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A Cumulative Han Culture
Paradigms of Tradition and History in the Study of Early China
In the field of Ancient China studies, scholars have often turned to the more recent past and its many textual sources, to aid them in their efforts of illuminating the deeper past. What has allowed this ‘free movement through time’ is the notion that Chinese civilization is monolithic and unchanging: a cumulative culture that adds to its solid core. The issue of continuity vs. change is certainly not unique to Chinese scholarship, and ways in which scholars choose to reconcile long term regional developments, historical projections, and archaeological data in their studies vary widely. This talk calls for the continued reevaluation of the ways in which we approach the past by focusing on the tension between traditional narratives of a unified Han center and the existence of regional cultures during the Western Zhou period (1046-771).
Exhibition Lecture: Geographical Portable Sundials
Reliable Instruments or Roman Fashion Statements?
This lecture considers one type of Roman sundial represented in the exhibition that has not been sufficiently appreciated from geographical, cultural, and social perspectives. These are the miniature bronze instruments fitted with adjustable rings to accommodate the changes of latitude liable to occur during long journeys. This lecture will explore the possibility that often they were valued not so much for practical use, but rather as prestige objects.
Brahmins, Monks and Their Astral Lore
The Origin, Development and Transmission of Greco-Indian Astral Science in South Asia and Beyond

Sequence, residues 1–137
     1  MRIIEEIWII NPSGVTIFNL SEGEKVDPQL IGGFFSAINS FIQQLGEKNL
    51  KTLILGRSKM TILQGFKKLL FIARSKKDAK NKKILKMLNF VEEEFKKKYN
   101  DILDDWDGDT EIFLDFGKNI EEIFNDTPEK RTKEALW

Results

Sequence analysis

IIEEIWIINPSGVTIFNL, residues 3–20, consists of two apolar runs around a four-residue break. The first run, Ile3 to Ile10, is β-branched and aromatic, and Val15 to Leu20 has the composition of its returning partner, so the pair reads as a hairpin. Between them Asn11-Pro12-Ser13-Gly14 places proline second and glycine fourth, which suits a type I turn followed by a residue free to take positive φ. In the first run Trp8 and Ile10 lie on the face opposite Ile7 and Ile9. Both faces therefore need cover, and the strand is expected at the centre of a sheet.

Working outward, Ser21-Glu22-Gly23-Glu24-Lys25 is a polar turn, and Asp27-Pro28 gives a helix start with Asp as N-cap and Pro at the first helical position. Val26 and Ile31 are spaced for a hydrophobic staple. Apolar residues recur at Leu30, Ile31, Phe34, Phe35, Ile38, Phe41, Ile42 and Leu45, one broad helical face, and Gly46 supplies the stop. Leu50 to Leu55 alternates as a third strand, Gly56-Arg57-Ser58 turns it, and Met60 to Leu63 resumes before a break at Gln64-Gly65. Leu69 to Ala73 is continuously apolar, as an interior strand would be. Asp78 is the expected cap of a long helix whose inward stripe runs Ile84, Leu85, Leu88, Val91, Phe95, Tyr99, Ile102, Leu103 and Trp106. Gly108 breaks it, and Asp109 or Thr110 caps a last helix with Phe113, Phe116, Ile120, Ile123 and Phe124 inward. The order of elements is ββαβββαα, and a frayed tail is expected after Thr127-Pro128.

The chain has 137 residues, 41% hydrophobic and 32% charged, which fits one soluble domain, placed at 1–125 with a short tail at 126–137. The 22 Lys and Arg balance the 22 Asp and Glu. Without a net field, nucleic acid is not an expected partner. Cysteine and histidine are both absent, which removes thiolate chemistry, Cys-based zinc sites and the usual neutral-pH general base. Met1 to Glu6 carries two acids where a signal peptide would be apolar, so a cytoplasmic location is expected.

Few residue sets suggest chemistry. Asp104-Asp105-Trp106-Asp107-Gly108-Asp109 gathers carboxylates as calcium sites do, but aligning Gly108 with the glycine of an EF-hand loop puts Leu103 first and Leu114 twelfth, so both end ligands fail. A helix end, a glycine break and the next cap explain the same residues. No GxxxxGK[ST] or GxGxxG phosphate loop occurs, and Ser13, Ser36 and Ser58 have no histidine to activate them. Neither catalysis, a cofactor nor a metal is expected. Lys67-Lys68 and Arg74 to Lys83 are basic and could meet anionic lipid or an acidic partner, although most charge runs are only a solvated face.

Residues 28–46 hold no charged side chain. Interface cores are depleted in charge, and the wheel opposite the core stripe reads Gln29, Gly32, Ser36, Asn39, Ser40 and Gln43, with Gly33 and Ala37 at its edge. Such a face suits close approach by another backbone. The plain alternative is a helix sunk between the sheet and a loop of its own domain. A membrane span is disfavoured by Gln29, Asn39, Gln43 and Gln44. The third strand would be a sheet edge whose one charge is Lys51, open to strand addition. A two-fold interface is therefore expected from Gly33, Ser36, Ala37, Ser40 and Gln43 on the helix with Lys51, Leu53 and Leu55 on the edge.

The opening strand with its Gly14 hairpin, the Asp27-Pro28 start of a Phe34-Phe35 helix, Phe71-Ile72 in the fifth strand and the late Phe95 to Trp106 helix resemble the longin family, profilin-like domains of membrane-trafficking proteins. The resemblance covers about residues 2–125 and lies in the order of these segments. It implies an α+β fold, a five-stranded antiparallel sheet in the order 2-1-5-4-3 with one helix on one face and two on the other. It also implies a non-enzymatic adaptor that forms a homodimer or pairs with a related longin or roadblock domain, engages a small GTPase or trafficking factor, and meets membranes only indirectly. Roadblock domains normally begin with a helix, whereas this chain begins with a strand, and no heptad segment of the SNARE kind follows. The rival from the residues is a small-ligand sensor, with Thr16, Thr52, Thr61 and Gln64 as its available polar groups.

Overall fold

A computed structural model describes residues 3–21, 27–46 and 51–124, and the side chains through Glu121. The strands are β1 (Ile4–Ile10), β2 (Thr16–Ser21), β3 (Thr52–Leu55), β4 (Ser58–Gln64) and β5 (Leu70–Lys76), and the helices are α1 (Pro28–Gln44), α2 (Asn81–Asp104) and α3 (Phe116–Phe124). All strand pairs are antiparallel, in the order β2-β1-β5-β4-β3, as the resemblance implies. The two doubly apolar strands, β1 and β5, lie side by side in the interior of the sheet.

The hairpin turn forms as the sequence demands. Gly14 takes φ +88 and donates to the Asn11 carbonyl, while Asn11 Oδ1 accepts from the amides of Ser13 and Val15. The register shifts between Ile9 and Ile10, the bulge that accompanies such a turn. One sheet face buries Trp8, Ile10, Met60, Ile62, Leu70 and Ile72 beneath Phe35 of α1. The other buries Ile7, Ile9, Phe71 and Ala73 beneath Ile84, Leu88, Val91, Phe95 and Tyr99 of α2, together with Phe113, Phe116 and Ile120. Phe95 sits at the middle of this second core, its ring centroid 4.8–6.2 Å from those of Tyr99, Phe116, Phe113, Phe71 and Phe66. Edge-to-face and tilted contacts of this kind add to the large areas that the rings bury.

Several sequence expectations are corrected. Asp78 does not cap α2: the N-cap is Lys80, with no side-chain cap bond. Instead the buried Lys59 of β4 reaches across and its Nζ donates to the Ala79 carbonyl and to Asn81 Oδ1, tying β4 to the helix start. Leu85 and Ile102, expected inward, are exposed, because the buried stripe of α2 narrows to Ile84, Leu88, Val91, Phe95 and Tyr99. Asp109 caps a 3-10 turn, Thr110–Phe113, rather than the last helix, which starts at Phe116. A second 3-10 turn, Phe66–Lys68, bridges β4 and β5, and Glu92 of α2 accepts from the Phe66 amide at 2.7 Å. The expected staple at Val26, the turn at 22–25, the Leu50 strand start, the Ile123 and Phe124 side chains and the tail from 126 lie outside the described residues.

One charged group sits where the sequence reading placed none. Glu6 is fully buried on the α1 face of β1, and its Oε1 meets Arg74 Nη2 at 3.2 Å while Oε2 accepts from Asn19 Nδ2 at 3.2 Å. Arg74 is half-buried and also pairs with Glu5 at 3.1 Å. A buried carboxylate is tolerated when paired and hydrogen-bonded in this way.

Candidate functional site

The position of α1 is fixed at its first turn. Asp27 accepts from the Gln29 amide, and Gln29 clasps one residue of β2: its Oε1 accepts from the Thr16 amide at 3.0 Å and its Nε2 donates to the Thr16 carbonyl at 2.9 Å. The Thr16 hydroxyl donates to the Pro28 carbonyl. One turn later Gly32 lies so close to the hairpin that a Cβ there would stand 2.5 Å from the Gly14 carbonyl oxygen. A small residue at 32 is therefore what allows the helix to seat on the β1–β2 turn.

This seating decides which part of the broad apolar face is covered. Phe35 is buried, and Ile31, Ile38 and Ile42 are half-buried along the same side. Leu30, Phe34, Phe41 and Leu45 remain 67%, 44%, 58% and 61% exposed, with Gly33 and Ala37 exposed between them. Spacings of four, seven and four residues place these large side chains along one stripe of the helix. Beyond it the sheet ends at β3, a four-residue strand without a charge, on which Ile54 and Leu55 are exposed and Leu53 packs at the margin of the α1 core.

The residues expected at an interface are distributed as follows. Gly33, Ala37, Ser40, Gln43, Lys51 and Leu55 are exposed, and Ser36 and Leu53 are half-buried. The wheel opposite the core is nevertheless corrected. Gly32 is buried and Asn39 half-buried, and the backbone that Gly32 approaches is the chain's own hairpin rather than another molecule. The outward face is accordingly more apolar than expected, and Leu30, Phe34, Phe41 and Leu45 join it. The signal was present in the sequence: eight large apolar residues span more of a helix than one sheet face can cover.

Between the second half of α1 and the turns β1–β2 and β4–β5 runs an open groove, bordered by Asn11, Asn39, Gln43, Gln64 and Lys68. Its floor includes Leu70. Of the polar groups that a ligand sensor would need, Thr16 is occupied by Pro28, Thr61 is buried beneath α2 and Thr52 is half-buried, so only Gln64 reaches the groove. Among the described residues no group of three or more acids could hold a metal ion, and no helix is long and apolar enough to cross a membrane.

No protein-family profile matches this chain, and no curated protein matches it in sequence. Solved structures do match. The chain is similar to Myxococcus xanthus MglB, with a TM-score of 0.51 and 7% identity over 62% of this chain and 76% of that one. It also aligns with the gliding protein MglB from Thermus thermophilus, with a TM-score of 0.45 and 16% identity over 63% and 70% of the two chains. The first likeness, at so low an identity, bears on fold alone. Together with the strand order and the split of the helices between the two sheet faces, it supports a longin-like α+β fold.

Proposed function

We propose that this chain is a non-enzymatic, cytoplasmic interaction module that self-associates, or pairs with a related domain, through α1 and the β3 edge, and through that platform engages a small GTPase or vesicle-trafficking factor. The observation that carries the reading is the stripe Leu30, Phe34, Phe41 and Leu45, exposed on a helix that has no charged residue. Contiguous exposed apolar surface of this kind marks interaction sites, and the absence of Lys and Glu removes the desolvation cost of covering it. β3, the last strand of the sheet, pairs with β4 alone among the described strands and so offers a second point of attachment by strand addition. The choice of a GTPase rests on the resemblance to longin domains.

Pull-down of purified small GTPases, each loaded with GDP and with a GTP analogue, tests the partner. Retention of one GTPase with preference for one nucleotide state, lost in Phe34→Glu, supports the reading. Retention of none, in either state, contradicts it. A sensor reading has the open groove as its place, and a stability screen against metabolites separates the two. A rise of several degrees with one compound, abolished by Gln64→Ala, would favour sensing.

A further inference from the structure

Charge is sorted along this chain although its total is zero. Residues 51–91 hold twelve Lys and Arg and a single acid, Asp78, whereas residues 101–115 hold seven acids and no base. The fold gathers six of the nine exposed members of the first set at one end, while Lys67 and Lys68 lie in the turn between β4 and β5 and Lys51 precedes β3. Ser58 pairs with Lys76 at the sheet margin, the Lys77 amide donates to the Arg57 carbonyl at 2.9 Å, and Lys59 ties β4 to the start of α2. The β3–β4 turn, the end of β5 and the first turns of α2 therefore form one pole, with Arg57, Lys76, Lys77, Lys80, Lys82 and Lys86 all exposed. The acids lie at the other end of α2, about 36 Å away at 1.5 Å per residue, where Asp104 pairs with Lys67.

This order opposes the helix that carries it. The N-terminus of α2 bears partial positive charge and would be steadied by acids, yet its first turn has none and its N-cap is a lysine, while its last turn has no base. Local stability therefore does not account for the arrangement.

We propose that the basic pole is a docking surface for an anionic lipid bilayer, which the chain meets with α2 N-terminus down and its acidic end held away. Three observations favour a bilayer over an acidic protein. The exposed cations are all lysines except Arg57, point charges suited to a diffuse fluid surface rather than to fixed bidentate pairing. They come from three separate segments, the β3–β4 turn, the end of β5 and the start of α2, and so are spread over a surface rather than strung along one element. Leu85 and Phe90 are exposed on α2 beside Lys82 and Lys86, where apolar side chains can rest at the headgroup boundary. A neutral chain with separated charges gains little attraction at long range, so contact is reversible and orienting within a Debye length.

Bill M. Mak
Described by the Indian scholar and Sanskritist P. V. Kane as “a problem not satisfactorily solved,” the introduction of a new form of astral science in India during the early centuries of the first millennium C.E. which resembles its Greco-Babylonian counterpart has been a heated topic in Indian historiography and history of science between Indian and Western scholars. Subsequent to the meticulous comparative analysis of David Pingree and his 1978 publication of a critical edition of the Yavanajātaka (“Genethliacal astrology of the Greeks”) dated to the second century C.E., a great number of questions concerning the origin and evolution of Greco-Indian astral science were clarified. However, with the recent discovery of new manuscripts and other materials, the issues appear to be far from being settled and some of Pingree’s widely accepted assertions now require serious reconsideration.
Exhibition Lecture: Time and Cosmos in Greco-Roman Astrology
This lecture will consist of a brief introduction to the historical
development and the main characteristics of Greco-Roman astrology, to be
followed by a survey of the theoretical and practical importance of
accurate time-measurement in the practice of horoscopy and other
Inscribing Multilingual Texts in Egyptian Temples of the Graeco-Roman Period
Anatolia Before Assyrians
New Perspectives on Urbanization and State Formation in Central Anatolia in the Light of Recently Excavated Early Bronze Age Monumental Structures at Kanesh
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